Once abundant Yellow-breasted Bunting declines rapidly
Once Abundant Yellow Breasted Bunting Declines Rapidly. Birds are often a clear indicator of the state of the environment of a region. BNHS studies have regularly highlighted the decline of several bird species across India.
Research shows unsustainable hunting in recent times is the main cause
Mumbai: Birds are often a clear indicator of the state of the environment of a region. BNHS studies have regularly highlighted the decline of several bird species across India. Recent studies by the UK-based BirdLife International and its India partner, BNHS India, have shown that one of Eurasia’s most abundant bird species, Yellow-breasted Bunting, has declined by 90% and retracted its range by 5,000 sq. km since 1980. A research paper recently published in the journal Conservation Biology suggests that unsustainable rates of hunting, principally in China, have contributed to the catastrophic loss of numbers and shrinking of its distribution range.
Yellow-breasted Bunting was once distributed over vast areas of Europe and Asia, its range stretching from Finland to Japan. In India, it is reported as a winter visitor, mainly in the northeastern states of Sikkim, Assam, Arunachal Pradesh, Meghalaya and Manipur, in West Bengal, and also in the Terai region of Uttar Pradesh and Bihar. It is also reported from Nepal and Bangladesh. In India, it is found from early October till April, in small to large flocks of up to 200.
During migration and in its wintering grounds, these birds gather in huge flocks at night-time roosts, making it easy to trap them in large numbers. They have been traditionally trapped for food using nets. But in recent times, hunting has reached unsustainable proportions. In China, where the fall in numbers is most prominent, hunting of the species – known in Chinese as the ‘rice bird’– was banned in 1997 following an initial decline. However, millions of these birds and other songbird species were still being killed for food and sold on the black market as late as 2013.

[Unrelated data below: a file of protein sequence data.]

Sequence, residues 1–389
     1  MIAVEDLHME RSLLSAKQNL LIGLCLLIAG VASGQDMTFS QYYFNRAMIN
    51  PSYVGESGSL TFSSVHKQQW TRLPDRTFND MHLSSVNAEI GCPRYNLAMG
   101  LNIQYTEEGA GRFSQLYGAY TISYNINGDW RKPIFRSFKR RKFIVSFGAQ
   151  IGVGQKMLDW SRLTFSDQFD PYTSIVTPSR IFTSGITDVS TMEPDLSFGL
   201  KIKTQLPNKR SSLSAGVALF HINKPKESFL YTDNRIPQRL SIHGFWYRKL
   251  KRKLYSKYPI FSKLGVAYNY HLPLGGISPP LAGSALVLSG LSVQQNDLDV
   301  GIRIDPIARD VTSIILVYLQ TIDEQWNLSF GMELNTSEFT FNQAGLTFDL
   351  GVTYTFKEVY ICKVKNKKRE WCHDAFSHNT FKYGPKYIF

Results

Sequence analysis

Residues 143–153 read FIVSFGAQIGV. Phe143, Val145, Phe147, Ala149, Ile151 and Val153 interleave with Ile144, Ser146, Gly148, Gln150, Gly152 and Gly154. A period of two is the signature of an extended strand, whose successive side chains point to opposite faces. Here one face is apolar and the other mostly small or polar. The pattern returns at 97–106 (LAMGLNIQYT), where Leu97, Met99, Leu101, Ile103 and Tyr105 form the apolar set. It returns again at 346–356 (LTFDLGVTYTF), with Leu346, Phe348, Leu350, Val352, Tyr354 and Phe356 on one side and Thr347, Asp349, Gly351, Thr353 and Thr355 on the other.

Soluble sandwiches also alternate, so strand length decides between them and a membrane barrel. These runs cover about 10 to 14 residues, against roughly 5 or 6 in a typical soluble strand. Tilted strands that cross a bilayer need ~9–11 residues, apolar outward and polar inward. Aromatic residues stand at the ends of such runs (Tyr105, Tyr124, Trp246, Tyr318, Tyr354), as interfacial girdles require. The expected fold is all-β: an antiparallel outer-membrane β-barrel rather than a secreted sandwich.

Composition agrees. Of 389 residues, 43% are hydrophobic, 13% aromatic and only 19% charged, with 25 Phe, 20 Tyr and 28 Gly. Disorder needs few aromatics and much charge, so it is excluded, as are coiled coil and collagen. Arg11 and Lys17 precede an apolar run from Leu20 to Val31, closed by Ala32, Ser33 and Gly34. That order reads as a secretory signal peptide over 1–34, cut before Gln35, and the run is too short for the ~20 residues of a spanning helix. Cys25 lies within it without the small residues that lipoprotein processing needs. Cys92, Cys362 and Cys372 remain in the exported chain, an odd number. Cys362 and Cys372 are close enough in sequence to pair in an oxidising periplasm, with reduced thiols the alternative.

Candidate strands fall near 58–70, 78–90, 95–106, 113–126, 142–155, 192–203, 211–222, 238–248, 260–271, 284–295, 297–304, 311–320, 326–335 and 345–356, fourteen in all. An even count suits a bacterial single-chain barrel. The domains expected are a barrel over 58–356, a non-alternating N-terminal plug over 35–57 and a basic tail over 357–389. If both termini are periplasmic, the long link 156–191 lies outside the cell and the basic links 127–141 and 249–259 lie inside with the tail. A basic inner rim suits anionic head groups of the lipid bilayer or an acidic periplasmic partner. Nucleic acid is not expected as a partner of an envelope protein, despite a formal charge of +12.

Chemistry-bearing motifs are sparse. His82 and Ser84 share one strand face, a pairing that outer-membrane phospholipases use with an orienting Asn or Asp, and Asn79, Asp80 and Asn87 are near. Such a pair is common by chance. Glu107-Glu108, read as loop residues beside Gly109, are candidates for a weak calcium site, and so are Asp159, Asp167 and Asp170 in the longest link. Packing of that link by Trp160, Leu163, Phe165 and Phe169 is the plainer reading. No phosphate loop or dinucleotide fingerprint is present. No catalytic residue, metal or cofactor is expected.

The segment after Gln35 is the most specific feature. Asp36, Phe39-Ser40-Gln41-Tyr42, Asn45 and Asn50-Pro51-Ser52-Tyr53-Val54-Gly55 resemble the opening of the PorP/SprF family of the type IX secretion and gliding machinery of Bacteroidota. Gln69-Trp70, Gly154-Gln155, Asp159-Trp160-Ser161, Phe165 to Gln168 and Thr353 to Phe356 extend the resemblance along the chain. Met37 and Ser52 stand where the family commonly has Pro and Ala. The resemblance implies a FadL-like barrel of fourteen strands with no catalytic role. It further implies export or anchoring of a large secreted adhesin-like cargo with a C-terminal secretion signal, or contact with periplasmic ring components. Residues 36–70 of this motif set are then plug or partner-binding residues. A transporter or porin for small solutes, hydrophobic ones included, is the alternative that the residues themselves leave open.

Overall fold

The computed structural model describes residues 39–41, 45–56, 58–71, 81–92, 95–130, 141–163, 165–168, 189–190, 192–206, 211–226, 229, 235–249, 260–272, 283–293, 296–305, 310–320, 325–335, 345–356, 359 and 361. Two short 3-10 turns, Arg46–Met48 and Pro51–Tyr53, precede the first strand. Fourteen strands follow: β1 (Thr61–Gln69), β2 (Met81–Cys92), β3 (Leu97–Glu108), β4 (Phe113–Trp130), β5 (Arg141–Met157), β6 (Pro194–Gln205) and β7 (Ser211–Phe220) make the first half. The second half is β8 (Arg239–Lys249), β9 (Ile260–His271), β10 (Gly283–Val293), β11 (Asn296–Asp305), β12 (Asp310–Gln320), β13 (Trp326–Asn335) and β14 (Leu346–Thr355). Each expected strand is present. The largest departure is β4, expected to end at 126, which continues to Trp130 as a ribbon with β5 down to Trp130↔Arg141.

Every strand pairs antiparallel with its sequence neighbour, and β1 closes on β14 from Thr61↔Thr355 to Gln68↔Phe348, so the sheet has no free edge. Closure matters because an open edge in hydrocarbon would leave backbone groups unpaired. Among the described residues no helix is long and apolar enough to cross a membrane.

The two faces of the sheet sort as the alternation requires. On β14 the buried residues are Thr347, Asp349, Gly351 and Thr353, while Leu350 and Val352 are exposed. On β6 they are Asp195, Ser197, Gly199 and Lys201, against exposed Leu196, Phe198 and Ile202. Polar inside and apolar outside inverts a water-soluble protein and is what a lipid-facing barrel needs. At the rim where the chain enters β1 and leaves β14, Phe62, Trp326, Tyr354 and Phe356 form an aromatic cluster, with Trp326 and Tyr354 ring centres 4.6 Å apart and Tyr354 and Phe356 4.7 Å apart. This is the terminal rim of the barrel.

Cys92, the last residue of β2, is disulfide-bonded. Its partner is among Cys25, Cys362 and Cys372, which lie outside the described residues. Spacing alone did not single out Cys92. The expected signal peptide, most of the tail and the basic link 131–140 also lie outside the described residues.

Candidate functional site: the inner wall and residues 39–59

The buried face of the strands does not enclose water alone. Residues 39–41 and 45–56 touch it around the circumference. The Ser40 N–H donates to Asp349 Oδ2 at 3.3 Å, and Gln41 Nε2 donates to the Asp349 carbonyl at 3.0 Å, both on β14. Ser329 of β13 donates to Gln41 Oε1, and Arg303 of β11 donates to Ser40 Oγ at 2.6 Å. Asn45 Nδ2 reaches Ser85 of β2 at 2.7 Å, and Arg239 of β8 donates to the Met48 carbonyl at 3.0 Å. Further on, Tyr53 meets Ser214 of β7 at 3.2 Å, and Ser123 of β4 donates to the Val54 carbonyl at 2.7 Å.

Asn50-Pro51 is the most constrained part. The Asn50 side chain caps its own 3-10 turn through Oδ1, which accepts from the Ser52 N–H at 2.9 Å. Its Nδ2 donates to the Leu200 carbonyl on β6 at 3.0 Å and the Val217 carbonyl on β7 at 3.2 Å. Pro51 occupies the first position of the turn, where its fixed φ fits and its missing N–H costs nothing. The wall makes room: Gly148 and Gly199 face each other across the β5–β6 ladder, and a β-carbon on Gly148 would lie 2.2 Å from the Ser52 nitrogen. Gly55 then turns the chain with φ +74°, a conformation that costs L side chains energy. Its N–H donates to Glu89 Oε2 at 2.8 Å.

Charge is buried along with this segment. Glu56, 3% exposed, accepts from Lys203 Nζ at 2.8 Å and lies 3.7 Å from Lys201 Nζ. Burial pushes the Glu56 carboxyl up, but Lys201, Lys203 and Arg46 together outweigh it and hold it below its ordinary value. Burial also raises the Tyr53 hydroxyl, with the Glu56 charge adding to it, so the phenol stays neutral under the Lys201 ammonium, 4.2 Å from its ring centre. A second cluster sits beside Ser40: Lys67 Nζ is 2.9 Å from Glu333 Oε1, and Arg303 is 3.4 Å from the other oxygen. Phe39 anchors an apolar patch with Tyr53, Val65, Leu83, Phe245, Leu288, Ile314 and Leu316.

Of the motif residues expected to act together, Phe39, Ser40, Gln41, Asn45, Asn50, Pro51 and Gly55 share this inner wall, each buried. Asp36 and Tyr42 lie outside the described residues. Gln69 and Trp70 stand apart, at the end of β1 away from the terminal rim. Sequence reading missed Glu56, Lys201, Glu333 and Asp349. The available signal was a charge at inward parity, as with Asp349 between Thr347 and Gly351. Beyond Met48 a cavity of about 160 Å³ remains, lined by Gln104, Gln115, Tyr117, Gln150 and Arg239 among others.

Consumption of these birds has increased in East Asia and the once prevalent subsistence hunting has been replaced by large-scale commercial hunting to meet this demand. One estimate from 2001 suggests that 10 lakh buntings were consumed in China’s Guangdong province alone. Comparatively, the rate of trapping and consumption is less in India, where bunting meat is referred to as Bageri. During winter in eastern Uttar Pradesh and Bihar and parts of Jharkhand, Yellow-breasted Bunting is trapped along with Red-headed Bunting.
“The magnitude and speed of the decline is unprecedented among birds distributed over such a large area,” said Dr Johannes Kamp from the University of Münster, the lead author of the paper.
If birds such as Yellow-breasted Bunting are to be saved, large scale nature education and effective implementation of laws by authorities is urgently required. Education about need for nature conservation and the revival of subsistence hunting practices is extremely important.
Commenting on the catastrophic decline, Dr. Asad Rahmani, Director, BNHS said, “The decline of a once common species like Yellow-breasted Bunting that is a winter visitor to India further proves that illegal hunting could be the reason for the disappearance of many once common Indian bird species. Only poaching of large mammals is reported in the media and sometimes action is taken. But what about the insidious and clandestine trapping of large numbers of birds that still goes on in some parts of our country? The authorities should bring a halt to all types of poaching and trapping. The complete stoppage of Amur Falcon killing in Doyang area of Nagaland achieved by the forest department shows that authorities can take effective measures. Forest department, police, civil authorities, NGOs and civil society should come together to stop or at least curtail poaching of all wild species.”
“To reverse these declines we need to better educate people of the consequences of eating wildlife. We also need better law enforcement”, said Simba Chan, Senior Conservation Officer, BirdLife International.
Moreover, coordinated monitoring activities are urgently needed in East Asia. A new agreement between China, Japan, Republic of Korea and Russia is the first step in developing a coordinated monitoring of migratory birds. The situation is so serious that the Convention on Migratory Species has agreed to develop an international action plan for the recovery of Yellow-breasted Bunting throughout its range by 2017.